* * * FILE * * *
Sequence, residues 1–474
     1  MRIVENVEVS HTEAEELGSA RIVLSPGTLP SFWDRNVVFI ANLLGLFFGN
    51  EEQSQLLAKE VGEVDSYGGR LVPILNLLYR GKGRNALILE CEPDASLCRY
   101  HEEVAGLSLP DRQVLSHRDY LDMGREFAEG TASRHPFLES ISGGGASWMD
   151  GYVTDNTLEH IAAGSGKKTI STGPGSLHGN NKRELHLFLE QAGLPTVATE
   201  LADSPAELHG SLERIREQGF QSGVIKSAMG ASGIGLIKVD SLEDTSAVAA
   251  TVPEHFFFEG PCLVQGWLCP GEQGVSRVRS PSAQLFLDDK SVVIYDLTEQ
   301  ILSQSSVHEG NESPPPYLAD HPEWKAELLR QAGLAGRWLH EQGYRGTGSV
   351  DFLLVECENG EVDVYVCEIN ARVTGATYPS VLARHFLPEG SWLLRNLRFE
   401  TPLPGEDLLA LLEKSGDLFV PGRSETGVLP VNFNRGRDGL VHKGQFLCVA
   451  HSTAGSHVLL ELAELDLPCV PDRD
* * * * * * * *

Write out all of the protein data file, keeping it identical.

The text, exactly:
Sequence, residues 1–474
     1  MRIVENVEVS HTEAEELGSA RIVLSPGTLP SFWDRNVVFI ANLLGLFFGN
    51  EEQSQLLAKE VGEVDSYGGR LVPILNLLYR GKGRNALILE CEPDASLCRY
   101  HEEVAGLSLP DRQVLSHRDY LDMGREFAEG TASRHPFLES ISGGGASWMD
   151  GYVTDNTLEH IAAGSGKKTI STGPGSLHGN NKRELHLFLE QAGLPTVATE
   201  LADSPAELHG SLERIREQGF QSGVIKSAMG ASGIGLIKVD SLEDTSAVAA
   251  TVPEHFFFEG PCLVQGWLCP GEQGVSRVRS PSAQLFLDDK SVVIYDLTEQ
   301  ILSQSSVHEG NESPPPYLAD HPEWKAELLR QAGLAGRWLH EQGYRGTGSV
   351  DFLLVECENG EVDVYVCEIN ARVTGATYPS VLARHFLPEG SWLLRNLRFE
   401  TPLPGEDLLA LLEKSGDLFV PGRSETGVLP VNFNRGRDGL VHKGQFLCVA
   451  HSTAGSHVLL ELAELDLPCV PDRD